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February 22, 2021 Articles

An Argument for Empathy in Workplace Investigations

The importance of empathy in investigations to both employees and employers, and how your investigations develop company culture.

By Faisal Akhter

During grade school, I loved watching nature documentaries. I grew up in a city, so these escapes to the Arctic, for example, fascinated me. I recall quite vividly a documentary depicting the life of the ringed seal. I watched as the seals lived their lives, hunted for fish, and birthed pups. Part of the documentary showed ringed seals hiding in the snow, trying to survive the harsh, snowy climate by building snow lairs. In these snow lairs, they would rest, give birth to their young, and feed them, as well. These snow lairs would also serve as refuges from predators, such as the polar bear. I remember the anticipation I felt when seeing polar bears stomping on the snow in search of a snow lair protecting a baby seal. I hoped for the seal’s survival and that it would go undetected by these ferocious, heartless polar bears.

To this day, I still love watching nature documentaries. Recently, I watched another Arctic documentary that told the story of a polar bear and her cub. The filmmakers did an excellent job of following a mother and her cub, struggling to find food for a lengthy period. Only a few days remained before their situation would become dire in the difficult climate with unforgiving conditions and a lack of food. At one point, the mother bear came across snow lairs often occupied by ringed seals. She pounced on each one, checking to see whether a seal occupied it. I animatedly rooted for the mother polar bear, hoping she would be able to find a meal so she and her cub could live to survive another winter.

I remain fascinated by how each documentary influenced my perspective. The situation remained unchanged. It was a harsh Arctic winter in which animals struggled to ensure their survival. But the animal whose story I interpreted greatly affected how I understood each situation. I feared for the ringed seal while I rooted for the polar bear.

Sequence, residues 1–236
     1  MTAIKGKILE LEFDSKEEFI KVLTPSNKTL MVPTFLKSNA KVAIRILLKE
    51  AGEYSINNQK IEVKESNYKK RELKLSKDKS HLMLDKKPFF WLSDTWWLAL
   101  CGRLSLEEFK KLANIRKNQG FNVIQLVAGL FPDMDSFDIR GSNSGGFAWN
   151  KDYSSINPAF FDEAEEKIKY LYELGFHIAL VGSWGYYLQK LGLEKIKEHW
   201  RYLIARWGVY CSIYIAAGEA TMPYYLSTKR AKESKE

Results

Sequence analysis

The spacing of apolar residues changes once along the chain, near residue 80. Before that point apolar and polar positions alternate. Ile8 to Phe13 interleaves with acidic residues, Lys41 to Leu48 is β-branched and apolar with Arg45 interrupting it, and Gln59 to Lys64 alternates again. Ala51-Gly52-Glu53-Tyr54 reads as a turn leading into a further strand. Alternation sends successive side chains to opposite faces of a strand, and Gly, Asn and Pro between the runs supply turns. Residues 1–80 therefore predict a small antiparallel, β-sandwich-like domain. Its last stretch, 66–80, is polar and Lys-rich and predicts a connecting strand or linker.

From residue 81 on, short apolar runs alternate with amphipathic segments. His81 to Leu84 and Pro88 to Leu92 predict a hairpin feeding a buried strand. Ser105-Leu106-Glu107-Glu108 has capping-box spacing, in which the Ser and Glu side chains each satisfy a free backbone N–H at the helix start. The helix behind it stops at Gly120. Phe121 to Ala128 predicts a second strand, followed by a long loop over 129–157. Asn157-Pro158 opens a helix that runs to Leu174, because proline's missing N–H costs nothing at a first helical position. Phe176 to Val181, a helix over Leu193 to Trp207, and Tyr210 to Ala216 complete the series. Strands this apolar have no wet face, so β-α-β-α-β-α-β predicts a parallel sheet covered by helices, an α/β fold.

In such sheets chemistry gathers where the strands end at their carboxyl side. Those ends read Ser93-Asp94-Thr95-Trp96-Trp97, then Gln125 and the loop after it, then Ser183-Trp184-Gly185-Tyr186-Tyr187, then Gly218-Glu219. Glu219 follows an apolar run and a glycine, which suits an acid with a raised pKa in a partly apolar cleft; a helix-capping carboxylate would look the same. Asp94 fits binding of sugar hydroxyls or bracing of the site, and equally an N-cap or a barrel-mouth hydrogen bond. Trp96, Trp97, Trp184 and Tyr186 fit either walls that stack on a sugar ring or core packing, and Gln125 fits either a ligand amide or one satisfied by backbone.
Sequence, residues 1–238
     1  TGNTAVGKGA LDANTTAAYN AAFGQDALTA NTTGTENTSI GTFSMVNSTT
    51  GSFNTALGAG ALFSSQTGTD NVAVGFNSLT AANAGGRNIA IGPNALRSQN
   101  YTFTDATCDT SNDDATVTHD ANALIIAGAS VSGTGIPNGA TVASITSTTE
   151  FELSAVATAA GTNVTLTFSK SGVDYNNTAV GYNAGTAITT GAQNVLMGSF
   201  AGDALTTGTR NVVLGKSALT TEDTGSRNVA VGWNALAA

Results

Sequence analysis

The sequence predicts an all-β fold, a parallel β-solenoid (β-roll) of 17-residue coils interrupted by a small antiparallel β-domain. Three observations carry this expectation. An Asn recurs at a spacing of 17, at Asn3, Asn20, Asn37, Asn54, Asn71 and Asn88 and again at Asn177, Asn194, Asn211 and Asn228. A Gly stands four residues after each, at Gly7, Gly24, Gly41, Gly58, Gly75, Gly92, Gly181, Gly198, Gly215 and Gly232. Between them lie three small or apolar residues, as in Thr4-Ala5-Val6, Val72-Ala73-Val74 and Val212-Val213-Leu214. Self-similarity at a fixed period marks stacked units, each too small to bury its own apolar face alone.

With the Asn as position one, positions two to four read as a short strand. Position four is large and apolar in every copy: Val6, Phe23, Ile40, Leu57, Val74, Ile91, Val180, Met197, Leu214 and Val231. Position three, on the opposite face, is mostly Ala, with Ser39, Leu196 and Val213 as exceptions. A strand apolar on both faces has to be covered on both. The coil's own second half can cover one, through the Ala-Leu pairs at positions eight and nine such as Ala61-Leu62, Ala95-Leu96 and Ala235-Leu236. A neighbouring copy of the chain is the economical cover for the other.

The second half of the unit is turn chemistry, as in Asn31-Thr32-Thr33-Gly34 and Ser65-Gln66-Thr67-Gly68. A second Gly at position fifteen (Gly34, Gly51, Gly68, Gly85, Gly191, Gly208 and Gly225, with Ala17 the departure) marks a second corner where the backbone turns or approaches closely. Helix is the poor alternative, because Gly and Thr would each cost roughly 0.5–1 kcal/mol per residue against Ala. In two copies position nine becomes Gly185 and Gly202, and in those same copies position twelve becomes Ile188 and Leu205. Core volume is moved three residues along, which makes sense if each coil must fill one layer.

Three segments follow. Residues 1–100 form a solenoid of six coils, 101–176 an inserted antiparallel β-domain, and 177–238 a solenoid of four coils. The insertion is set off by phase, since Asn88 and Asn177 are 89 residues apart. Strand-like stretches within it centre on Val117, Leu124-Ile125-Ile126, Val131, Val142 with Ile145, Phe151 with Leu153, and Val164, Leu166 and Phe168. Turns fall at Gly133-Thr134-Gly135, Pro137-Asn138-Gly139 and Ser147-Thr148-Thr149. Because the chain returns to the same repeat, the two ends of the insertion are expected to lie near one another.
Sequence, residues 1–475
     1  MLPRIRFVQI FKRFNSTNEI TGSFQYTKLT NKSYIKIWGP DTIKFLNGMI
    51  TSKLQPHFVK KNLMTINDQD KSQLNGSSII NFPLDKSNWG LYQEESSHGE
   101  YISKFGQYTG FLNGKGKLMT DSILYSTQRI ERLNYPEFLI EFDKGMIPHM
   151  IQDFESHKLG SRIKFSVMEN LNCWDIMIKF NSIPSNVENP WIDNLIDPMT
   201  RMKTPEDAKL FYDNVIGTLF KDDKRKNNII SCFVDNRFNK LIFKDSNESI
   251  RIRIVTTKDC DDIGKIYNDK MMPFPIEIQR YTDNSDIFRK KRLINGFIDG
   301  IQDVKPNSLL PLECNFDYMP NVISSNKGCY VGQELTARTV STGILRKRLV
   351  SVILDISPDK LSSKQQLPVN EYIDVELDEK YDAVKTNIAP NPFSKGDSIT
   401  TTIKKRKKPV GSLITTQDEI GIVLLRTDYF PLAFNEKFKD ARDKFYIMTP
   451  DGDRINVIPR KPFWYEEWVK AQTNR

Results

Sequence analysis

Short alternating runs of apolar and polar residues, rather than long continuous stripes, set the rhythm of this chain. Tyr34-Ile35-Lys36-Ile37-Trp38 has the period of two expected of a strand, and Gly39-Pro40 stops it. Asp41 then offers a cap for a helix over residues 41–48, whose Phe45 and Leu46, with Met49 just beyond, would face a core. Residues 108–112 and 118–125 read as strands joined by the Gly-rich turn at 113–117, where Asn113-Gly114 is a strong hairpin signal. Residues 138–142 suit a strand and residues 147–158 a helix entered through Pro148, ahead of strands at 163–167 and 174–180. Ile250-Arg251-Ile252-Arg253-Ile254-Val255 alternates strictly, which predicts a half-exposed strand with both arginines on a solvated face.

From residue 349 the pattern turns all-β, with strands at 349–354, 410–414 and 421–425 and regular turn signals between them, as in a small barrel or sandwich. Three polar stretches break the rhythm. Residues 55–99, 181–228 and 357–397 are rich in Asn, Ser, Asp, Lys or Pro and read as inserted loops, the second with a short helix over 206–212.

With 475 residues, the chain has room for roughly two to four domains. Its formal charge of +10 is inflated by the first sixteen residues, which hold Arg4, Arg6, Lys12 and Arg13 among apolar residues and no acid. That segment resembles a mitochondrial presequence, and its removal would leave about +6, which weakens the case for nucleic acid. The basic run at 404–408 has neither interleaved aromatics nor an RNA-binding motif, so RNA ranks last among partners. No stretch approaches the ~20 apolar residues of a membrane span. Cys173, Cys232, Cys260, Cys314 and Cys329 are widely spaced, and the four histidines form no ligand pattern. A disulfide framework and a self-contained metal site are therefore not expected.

Workplace investigations, the process of examining, analyzing, and responding to a complaint or issue in the work setting that may have legal or policy implications, similarly can be greatly affected by whose perspective you employ. Fortunately, it is possible to recognize both the ringed seal’s and the polar bear’s perspective. You just need to be intentional about it. When conducting these investigations, the higher the quality and quantity of information made available, the better one can effectively address current concerns, identify trends, and influence future behavior. As the area of workplace investigations evolves, companies have quickly discovered the importance of empathy during the process. This article seeks to discuss the importance of empathy in investigations to both employees and employers, and how your investigations develop company culture.

Empathy Results in Thorough Investigations That Achieve Just Outcomes

First, employing empathy allows for a more thorough investigation. All stakeholders have an interest in a thorough investigation. When you conduct interviews with the parties, empathy empowers your listening skills by placing you in the witnesses’ frame of reference. People’s lived experiences color their perceptions, along with different businesses and teams having different work cultures and expectations. For example, when conducting the complainant interview—a direct exchange with the individual submitting a complaint—it is critical to place yourself in his or her position, understand context and nuance, and actively listen. In doing so, you can appreciate the shared experience from the complainant’s perspective, which significantly increases your ability to conduct a thorough investigation. When you place empathy at the forefront of conducting an investigation, you can map out how best to investigate the situation from each involved stakeholder’s perspective and experience, ultimately resulting in a more thorough and well-considered investigation.

When I served on active duty in the U.S. Army, I received an assignment as a military prosecutor. As a prosecutor, I had the responsibility of thoroughly investigating cases and working toward justice. One of my cases involved prosecuting a homicide. Here, the defendant pushed the victim into the road, resulting in a taxi driver immediately running over the victim. This case was particularly difficult as the victim, now deceased, was very close friends with the defendant. In fact, the victim’s mother used her now deceased son’s life insurance to pay for the defendant’s attorney. Complicating matters, the taxi driver was a citizen of our host nation country, resulting in immediate international implications. By employing empathy for all involved parties—the victim, the defendant, the taxi driver, their families and communities, the Army, and our host nation—we worked toward what became a just result.

Empathy Results in Respected Investigations That Gain Client Trust